Experts revealed that pregnant women who are experiencing acute starvation are at risk of severe vomiting, placenta dysfunctions and respiratory distress, all of which could lead to poor pregnancy outcomes.
Experts in a study published in online journal, ResearchGate, identified foetal growth restrictions, stillbirths, increased newborn foetal morbidity/mortality and predispositions to maternal preeclampsia and gestational diabetes as other complications of acute starvation in pregnancy.
The experts said effects of acute starvation in pregnancy is worse in the third trimester. Speaking on the issue, Consultant Obstetrician and Gynaecologist, Dr. Lateef Akinola, said,
“It is well established that an adequate and balanced diet during pregnancy is essential for the health of mother and baby, both in the womb and when born.
“For instance, obesity, diabetes, cardiovascular disease and abnormal reproductive functions in adulthood might be predicated on inadequate nutrition during pregnancy. Acute starvation in pregnancy usually precipitated by severe hyperemesis gravidarum (severe vomiting during pregnancy.”
Dr. Akinola, who is the Medical Director of Medison Specialist Women’s Hospital, Lagos, noted,
“Acute starvation in pregnancy can cause severe metabolic dysfunction, notably, starvation ketoacidosis and infrequently causes severe metabolic acidosis and placental dysfunctions, which can precipitate insulin resistance, gestational diabetes and preeclampsia.
“This in turn increases susceptibility to ketosis [when the body doesn’t have enough carbohydrates to burn for energy. Instead, it burns fat and makes things called ketones, which it can use for fuel], particularly in the third trimester that can be complicated by foetal growth restrictions and stillbirths.”
According to the United Nations Children’s Fund, out of more than 2.5 million babies that are born dead globally each year, more than 400,000 such deaths happen to babies born in Nigeria annually.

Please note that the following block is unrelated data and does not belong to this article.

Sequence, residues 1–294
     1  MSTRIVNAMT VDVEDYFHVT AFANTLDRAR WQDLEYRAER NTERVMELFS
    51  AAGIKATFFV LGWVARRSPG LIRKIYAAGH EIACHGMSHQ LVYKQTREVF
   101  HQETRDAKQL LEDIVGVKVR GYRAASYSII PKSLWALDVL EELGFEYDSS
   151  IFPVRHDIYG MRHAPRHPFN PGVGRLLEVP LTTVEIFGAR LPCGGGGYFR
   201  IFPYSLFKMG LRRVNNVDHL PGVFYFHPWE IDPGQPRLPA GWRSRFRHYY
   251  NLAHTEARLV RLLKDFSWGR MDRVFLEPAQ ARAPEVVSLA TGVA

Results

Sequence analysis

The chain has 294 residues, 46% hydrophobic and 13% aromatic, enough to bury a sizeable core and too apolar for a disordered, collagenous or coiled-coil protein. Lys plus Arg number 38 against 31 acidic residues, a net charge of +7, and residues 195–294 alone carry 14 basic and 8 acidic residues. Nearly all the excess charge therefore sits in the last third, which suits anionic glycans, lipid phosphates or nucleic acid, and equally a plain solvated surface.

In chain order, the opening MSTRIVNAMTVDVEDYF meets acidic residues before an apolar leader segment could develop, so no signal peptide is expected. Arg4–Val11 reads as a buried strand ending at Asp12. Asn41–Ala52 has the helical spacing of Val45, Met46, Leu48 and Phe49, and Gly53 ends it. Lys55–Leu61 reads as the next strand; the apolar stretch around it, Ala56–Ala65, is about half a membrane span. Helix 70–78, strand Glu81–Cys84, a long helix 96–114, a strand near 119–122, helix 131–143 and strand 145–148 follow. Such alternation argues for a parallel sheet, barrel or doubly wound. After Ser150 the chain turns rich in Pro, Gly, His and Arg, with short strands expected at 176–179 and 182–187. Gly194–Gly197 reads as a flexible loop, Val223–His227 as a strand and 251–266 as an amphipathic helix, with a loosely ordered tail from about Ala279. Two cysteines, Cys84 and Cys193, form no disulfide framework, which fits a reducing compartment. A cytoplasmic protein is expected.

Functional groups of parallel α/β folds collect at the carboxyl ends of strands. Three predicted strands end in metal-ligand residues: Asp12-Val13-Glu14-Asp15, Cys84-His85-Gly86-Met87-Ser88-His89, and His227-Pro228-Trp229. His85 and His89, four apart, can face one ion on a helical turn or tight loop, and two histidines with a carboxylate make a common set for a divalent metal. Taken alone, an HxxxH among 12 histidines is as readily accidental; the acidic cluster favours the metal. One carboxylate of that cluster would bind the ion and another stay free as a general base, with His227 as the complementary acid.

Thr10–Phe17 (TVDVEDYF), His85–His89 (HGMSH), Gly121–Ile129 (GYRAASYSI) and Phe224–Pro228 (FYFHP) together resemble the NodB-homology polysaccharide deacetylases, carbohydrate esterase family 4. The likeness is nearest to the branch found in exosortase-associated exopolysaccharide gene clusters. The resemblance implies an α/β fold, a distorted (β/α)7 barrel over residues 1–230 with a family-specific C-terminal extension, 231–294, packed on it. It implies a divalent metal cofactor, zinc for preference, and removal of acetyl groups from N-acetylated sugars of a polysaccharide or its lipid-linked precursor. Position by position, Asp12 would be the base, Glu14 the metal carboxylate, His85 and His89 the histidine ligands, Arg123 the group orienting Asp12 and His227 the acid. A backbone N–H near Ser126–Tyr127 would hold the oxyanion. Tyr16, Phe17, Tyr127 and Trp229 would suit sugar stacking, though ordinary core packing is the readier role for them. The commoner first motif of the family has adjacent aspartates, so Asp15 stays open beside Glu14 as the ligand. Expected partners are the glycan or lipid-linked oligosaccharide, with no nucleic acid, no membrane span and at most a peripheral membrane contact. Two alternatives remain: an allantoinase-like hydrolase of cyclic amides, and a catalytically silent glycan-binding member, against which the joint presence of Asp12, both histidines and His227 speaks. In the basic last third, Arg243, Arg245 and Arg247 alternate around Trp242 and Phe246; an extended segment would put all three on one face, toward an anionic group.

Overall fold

UNICEF rates Nigeria one of the five countries in the world with the highest number of under-five deaths.
The reproductive endocrinologist and IVF specialist stresses that early diagnosis and management of this condition is necessary to prevent maternal and foetal complications.
“Symptoms to watch out for include severe vomiting, especially late in pregnancy. Respiratory distress and significant acid-base disturbances can occur. Other notable causes to watch out for aside from hyperemesis [persistent nausea and vomiting during pregnancy] include diabetic ketoacidosis and alcohol induced acidosis.
“Management should be promptly instituted. Hospital admission is necessary where daily monitoring of vital signs and diligent foetal monitoring are essential to prevent maternal and foetal morbidity and mortality.
“Sometimes, early delivery in the presence of an experienced neonatologist is essential to prevent foetal complications, including stillbirth,”
According to the National Bureau of Statistics in its Poverty and Inequality Report 2019, one in 10 or more than 82.9 million Nigerians live in poverty. Also, the World Bank says 96 million Nigerians will be living in poverty by 2022.
Poverty, experts say, is a key hindrance to women’s wellbeing, especially during pregnancy, resulting in malnutrition, anaemia, low birth babies or foetal loss.
Also, a Consultant Gynaecologist and Obstetrician at the Lagos State University Teaching Hospital, Ikeja, Dr. Modupe Adedeji, says the foetus is actually a parasite in the mother.
“The foetal nutrition in utero keeps going on until a certain stage that could now be detrimental when starvation is prolonged for too long.See Also
“This could result in intrauterine growth restrictions and eventually, if not attended to, intrauterine foetal death,”
the gynaecologist said.
Dr. Adedeji said it was important to detect this problem during pregnancy so that appropriate care can be given. She added:
“A growth restricted foetus may be born to need expert care to survive. They come out quite hungry.”
The President, Federation of African Nutrition Societies, Prof. Ngozi Nnam, told PUNCH correspondent that a pregnant woman is supposed to feed well and have adequate diets at all times for optimal development of the foetus.
Highlighting the dangers of poor nutrition in pregnancy, Nnam, who is a professor of Community and Public Health Nutrition at the University of Nigeria, Nsukka, warns,
“Poor nutrition will cause inadequate development of the baby because nutrients are required for cells of the foetus to develop properly.
“Nutrients such as iron are very important in the development of the cells. When a pregnant woman stops taking foods rich in iron, she will be deficient in iron and that deficiency will affect the foetus and the cells will not form properly and this will lead to malformation when the baby is born.”